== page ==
Rafael produces medium range missiles that outfit Elbit drones, used during the 2008-9 Israeli assault on Gaza. The unmanned aerial vehicles, weaponized by Rafael, were used in cases of indiscriminate violence on civilians and internationals, including 87 deaths in Operation Cast Lead, as reported by Human Rights Watch.
From the 2009 Human Rights Watch report:
Israel’s primary armed drones are the Hermes, produced by the Israeli company Elbit Systems Ltd., and the Heron, produced by Israeli Aerospace Industries. The Hermes can stay aloft for up to 24 hours at altitudes of up to 18,000 feet and has an array of optical, infrared, and laser sensors that allow the operator to identify and track targets as well as to guide munitions in flight. The Hermes carries two Spike-MR (medium range) missiles, sometimes called the ‘Gil’ in Israel, produced by the Israeli firm Rafael Advanced Defense Systems Ltd. The Heron drone, which can fly for up to 40 hours at 30,000 feet, has similar optics to the Hermes and can carry four Spike missiles. In Gaza, Israel used both the Hermes and Heron drones armed with the Spike, though it may have also used other missiles.
Technion Develops Weapons
Technion, through the Technion Autonomous Systems Program developed Rafan, a small helicopter, weighing approximately 1 kilogram, used for surveillance, and unmanned bulldozers. This program has the support of three different academic centers whose focus is creating weapons to support various branches of military.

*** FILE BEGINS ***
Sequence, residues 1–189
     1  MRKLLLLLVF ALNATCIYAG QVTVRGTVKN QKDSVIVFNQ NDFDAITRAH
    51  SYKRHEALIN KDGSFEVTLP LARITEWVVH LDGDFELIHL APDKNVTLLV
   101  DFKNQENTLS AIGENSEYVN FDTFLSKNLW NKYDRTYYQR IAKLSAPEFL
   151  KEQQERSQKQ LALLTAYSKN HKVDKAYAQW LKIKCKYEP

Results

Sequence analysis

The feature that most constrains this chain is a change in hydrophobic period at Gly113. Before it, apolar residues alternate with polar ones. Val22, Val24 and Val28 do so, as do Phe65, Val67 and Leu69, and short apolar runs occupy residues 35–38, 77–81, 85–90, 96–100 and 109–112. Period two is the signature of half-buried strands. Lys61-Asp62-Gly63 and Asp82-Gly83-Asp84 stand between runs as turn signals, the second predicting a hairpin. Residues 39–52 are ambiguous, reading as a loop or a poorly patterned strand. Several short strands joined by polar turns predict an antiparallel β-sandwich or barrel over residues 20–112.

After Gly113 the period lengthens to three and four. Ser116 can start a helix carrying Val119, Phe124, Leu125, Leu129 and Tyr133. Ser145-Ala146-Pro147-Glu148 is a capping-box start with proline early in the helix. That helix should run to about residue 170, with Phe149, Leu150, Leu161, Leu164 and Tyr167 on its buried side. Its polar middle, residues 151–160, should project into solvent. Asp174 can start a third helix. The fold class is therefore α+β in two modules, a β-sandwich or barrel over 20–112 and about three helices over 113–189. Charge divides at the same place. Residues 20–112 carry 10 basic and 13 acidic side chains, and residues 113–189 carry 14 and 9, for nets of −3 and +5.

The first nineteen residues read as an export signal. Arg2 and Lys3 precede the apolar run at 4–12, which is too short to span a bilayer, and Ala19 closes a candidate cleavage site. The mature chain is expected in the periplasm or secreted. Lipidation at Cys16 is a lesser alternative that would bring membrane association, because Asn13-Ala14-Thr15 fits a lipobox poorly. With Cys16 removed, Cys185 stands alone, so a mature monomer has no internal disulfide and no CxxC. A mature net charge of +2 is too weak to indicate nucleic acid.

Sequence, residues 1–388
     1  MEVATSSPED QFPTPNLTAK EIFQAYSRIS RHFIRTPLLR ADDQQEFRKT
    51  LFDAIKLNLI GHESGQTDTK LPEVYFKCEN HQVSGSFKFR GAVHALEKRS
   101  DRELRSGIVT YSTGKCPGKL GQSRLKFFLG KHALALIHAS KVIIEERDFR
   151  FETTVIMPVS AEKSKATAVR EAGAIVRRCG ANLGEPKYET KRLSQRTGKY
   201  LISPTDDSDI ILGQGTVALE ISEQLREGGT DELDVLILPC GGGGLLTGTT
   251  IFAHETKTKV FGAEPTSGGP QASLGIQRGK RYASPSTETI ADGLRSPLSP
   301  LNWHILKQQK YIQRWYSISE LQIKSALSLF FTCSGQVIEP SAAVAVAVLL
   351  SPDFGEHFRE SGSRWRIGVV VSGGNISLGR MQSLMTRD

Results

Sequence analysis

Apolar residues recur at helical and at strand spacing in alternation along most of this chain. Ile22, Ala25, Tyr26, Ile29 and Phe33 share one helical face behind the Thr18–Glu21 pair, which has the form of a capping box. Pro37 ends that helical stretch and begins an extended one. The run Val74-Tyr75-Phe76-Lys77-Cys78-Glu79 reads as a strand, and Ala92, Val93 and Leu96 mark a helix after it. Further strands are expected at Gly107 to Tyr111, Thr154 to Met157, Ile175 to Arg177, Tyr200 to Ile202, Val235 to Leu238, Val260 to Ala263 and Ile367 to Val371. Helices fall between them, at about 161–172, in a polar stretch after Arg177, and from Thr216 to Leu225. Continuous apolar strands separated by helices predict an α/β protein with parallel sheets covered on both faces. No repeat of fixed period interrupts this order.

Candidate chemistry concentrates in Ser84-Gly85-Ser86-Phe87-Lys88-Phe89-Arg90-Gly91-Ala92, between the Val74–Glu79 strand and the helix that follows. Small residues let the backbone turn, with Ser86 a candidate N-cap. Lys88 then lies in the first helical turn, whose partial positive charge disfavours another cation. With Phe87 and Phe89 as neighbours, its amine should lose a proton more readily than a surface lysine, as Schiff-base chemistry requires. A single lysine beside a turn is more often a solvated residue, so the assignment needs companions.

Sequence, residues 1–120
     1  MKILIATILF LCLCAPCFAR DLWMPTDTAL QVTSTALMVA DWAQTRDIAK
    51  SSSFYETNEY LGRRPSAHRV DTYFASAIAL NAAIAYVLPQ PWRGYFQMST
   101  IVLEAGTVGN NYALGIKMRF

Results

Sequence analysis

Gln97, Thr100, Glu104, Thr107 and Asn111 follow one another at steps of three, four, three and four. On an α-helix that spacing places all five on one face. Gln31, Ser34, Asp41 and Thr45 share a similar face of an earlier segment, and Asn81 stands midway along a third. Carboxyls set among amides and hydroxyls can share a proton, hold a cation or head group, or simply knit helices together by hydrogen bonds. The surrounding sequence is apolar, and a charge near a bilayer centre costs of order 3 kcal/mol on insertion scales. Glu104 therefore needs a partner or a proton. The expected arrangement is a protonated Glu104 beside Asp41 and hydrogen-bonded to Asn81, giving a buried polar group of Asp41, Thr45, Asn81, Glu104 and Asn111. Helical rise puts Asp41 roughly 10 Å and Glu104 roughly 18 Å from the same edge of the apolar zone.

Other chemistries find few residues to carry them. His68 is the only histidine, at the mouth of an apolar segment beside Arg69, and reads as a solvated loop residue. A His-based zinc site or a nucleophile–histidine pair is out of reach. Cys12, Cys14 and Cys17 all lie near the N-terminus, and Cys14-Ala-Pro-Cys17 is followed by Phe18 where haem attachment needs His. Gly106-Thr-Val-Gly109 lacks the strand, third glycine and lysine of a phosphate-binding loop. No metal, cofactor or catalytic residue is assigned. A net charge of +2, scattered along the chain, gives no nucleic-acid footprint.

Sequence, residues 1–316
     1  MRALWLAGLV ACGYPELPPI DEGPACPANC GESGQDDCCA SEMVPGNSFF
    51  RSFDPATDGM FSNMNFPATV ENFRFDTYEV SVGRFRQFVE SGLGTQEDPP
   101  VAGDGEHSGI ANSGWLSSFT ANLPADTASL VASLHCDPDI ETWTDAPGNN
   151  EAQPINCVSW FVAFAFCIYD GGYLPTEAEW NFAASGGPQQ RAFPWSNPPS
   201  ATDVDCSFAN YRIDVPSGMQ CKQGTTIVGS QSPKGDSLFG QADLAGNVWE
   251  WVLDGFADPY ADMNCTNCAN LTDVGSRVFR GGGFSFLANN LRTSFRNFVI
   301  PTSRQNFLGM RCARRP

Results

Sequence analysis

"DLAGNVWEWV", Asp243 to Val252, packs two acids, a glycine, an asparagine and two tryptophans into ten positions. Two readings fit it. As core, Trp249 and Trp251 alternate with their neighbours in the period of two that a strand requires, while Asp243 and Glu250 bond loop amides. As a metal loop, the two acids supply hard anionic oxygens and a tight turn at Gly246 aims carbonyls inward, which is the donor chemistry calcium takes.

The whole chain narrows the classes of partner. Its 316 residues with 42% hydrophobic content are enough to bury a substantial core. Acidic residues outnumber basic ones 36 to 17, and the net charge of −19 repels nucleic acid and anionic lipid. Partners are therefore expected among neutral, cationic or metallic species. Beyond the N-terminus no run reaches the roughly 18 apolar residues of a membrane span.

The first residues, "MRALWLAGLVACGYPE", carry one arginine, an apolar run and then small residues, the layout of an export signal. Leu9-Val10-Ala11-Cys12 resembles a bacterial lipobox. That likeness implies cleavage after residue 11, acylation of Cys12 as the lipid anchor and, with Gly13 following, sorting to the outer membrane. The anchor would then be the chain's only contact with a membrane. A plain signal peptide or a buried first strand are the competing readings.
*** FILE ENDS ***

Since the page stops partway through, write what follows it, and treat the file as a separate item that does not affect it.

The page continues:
Discrimination against Palestinians
Tadamon details IDF programs with Technion, in which active-duty and reservist students are privileged over Palestinian students, through academic incentives and programs. As Palestinian citizens of Israel are exempt from military service, these programs are effectively exclusively for Israeli-Jewish students. Tadamon reviews the two programs, Atidim and Brakim:
The Technion is a partner in the Brakim academic reserve program, ‘the latest in a series of joint Israel Defense Forces (IDF)/Technion academic initiatives.’ Taking place in the Faculty of Mechanical Engineering, the Brakim program allows 15 students to complete both their Bachelor’s and Master’s in Science degrees in four years. ‘Like other students in the Atuda (academic reserve program), Brakim participants will complete their undergraduate degrees and apply their education during their military service,’ as stated in the publication Technion Focus. According to a brochure released by the Faculty of Mechanical Engineering, the, ‘Brakim program [was] initiated to meet the request of the IDF to create an elite group of mechanical engineers to become the future R&D leaders in IDF.’
Also, in 2009, the university exhibited a double standard toward dissent by Palestinian students and Jewish-Israeli students. A Palestinian protest was criminalized. Tadamon notes, when two protests were held in 2009, one protest “ended with the arrest of 10 Palestinian students, although the Zionist right-wing counter protest was much larger and unapproved.”
The Tadamon report recommends the universities sever ties with Technion, based on the partnerships with “the Israeli military, the Israeli military-industrial complex, and Israel’s grave violations of international law and Palestinian rights.” Furthermore, Tadamon charges Technion has “full knowledge” of the development of weapons specifically used for violations of international law, and asks other universities to not normalize these abuses to law and human life.
With human rights organizations calling for universities to sever ties with Technion, New York City’s and Cornell’s decision to build a partnership with the school on Roosevelt Island should be closely scrutinized.